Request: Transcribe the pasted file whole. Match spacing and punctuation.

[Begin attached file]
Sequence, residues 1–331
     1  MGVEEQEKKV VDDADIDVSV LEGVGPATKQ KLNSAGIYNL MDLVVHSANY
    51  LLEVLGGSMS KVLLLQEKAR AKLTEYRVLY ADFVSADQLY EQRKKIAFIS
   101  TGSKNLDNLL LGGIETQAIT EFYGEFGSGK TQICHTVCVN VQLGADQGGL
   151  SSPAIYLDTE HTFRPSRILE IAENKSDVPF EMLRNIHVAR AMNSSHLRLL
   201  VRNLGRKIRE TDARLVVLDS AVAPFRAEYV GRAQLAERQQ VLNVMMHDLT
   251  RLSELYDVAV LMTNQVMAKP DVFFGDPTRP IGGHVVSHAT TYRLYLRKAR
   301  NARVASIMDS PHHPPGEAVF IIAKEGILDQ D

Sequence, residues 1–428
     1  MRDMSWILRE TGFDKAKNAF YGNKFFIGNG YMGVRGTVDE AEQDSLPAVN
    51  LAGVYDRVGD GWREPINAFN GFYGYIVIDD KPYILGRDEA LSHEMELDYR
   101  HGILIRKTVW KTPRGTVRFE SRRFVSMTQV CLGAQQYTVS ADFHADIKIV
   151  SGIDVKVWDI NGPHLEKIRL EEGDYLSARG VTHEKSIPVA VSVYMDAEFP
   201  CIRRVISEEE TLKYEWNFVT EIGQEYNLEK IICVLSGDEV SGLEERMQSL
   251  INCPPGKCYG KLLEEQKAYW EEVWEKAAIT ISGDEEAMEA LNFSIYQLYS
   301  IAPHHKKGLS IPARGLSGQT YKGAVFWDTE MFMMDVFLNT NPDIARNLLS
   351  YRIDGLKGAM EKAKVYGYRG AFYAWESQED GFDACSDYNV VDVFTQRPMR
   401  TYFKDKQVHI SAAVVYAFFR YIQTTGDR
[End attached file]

Sequence, residues 1–331
     1  MGVEEQEKKV VDDADIDVSV LEGVGPATKQ KLNSAGIYNL MDLVVHSANY
    51  LLEVLGGSMS KVLLLQEKAR AKLTEYRVLY ADFVSADQLY EQRKKIAFIS
   101  TGSKNLDNLL LGGIETQAIT EFYGEFGSGK TQICHTVCVN VQLGADQGGL
   151  SSPAIYLDTE HTFRPSRILE IAENKSDVPF EMLRNIHVAR AMNSSHLRLL
   201  VRNLGRKIRE TDARLVVLDS AVAPFRAEYV GRAQLAERQQ VLNVMMHDLT
   251  RLSELYDVAV LMTNQVMAKP DVFFGDPTRP IGGHVVSHAT TYRLYLRKAR
   301  NARVASIMDS PHHPPGEAVF IIAKEGILDQ D

Sequence, residues 1–428
     1  MRDMSWILRE TGFDKAKNAF YGNKFFIGNG YMGVRGTVDE AEQDSLPAVN
    51  LAGVYDRVGD GWREPINAFN GFYGYIVIDD KPYILGRDEA LSHEMELDYR
   101  HGILIRKTVW KTPRGTVRFE SRRFVSMTQV CLGAQQYTVS ADFHADIKIV
   151  SGIDVKVWDI NGPHLEKIRL EEGDYLSARG VTHEKSIPVA VSVYMDAEFP
   201  CIRRVISEEE TLKYEWNFVT EIGQEYNLEK IICVLSGDEV SGLEERMQSL
   251  INCPPGKCYG KLLEEQKAYW EEVWEKAAIT ISGDEEAMEA LNFSIYQLYS
   301  IAPHHKKGLS IPARGLSGQT YKGAVFWDTE MFMMDVFLNT NPDIARNLLS
   351  YRIDGLKGAM EKAKVYGYRG AFYAWESQED GFDACSDYNV VDVFTQRPMR
   401  TYFKDKQVHI SAAVVYAFFR YIQTTGDR